In order to establish liability under the representative sample of policy wordings, the FCA argued for policyholders that the ‘disease’ and/or ‘denial of access’ clauses in the representative sample of policy wordings provide cover in the circumstances of the Covid-19 pandemic, and that the trigger for cover caused policyholders’ losses.
The judgment says that most, but not all, of the disease clauses in the sample provide cover. It also says that certain denial of access clauses in the sample provide cover, but this depends on the detailed wording of the clause and how the business was affected by the Government response to the pandemic, including for example whether the business was subject to a mandatory closure order and whether the business was ordered to close completely.
The test case has also clarified that the Covid-19 pandemic and the Government and public response were a single cause of the covered loss, which is a key requirement for claims to be paid even if the policy provides cover.
What the judgment means for policyholders
Although the judgment will bring welcome news for many policyholders, the judgment did not say that the eight defendant insurers are liable across all of the 21 different types of policy wording in the representative sample considered by the Court. Each policy needs to be considered against the detailed judgment to work out what it means for that policy. Policyholders with affected claims can expect to hear from their insurer within the next 7 days.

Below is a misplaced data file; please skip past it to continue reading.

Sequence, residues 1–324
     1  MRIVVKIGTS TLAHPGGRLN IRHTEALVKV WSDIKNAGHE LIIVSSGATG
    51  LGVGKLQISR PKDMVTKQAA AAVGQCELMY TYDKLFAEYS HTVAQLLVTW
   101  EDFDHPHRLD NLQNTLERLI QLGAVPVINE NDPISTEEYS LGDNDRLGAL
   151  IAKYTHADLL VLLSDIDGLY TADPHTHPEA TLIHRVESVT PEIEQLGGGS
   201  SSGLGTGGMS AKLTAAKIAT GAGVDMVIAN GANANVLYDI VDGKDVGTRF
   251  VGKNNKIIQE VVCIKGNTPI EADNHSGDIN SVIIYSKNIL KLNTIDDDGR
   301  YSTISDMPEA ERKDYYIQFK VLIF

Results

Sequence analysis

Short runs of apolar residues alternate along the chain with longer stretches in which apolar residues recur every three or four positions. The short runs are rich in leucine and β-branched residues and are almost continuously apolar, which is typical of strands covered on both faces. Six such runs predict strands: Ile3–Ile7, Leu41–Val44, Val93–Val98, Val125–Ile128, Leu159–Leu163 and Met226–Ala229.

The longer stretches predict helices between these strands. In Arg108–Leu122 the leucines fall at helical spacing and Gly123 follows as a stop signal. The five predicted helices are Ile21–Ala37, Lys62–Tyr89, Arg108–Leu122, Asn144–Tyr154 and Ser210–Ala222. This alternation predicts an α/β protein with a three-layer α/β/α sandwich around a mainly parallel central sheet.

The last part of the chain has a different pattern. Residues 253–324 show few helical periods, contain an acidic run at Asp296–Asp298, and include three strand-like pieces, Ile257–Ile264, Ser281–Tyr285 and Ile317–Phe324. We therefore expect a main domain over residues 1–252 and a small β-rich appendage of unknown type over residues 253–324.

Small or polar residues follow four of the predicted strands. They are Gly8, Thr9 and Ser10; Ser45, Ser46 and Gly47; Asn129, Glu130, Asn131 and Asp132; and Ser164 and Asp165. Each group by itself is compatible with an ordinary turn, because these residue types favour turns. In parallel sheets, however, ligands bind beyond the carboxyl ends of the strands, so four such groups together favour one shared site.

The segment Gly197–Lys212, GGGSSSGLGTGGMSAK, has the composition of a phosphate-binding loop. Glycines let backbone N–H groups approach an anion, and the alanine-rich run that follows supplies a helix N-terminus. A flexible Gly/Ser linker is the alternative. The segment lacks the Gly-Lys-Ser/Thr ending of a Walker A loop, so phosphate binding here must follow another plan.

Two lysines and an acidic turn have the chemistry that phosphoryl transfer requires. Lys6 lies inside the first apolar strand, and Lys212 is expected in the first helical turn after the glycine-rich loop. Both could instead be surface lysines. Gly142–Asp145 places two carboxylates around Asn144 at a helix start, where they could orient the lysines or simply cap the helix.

The test case has removed the need for policyholders to resolve a number of the key issues individually with their insurers. It enabled them to benefit from the expert legal team assembled by the FCA, providing a comparatively quick and cost-effective solution to the legal uncertainty in the business interruption insurance market.
The test case was not intended to encompass all possible disputes, but to resolve some key contractual uncertainties and ‘causation’ issues to provide clarity for policyholders and insurers. The judgment does not determine how much is payable under individual policies, but will provide much of the basis for doing so.
It is possible that the judgment will be appealed. Any appeal does not preclude policyholders seeking to settle their claims with their insurer before the outcome of any appeal is known.
It is important that policyholders, action groups, insurance intermediaries and their legal representatives are properly engaged throughout the test case process. The FCA has therefore arranged an opportunity for them to talk to its legal team individually on Monday 21 September or Tuesday 22 September – find out more.
The FCA and Defendant insurers are considering the judgment and what it might mean in respect of any appeal. Any applications to appeal will be heard at a consequentials hearing before the High Court. The FCA is seeking to have a consequentials hearing as early as possible.
The FCA and Defendant insurers have agreed that they will seek to have any appeal heard on an expedited basis, given the importance of the matter for so many policyholders. This includes exploring the possibility of any appeal being a ‘leapfrog’ appeal to the Supreme Court (rather than needing to be heard by the Court of Appeal first).
The FCA will continue to keep policyholders appraised of matters as they progress, through its dedicated webpage.
In April EYE first highlighted the issue of insurers retrospectively refusing to pay out on insurances.Since then the issue has grown into a major news story.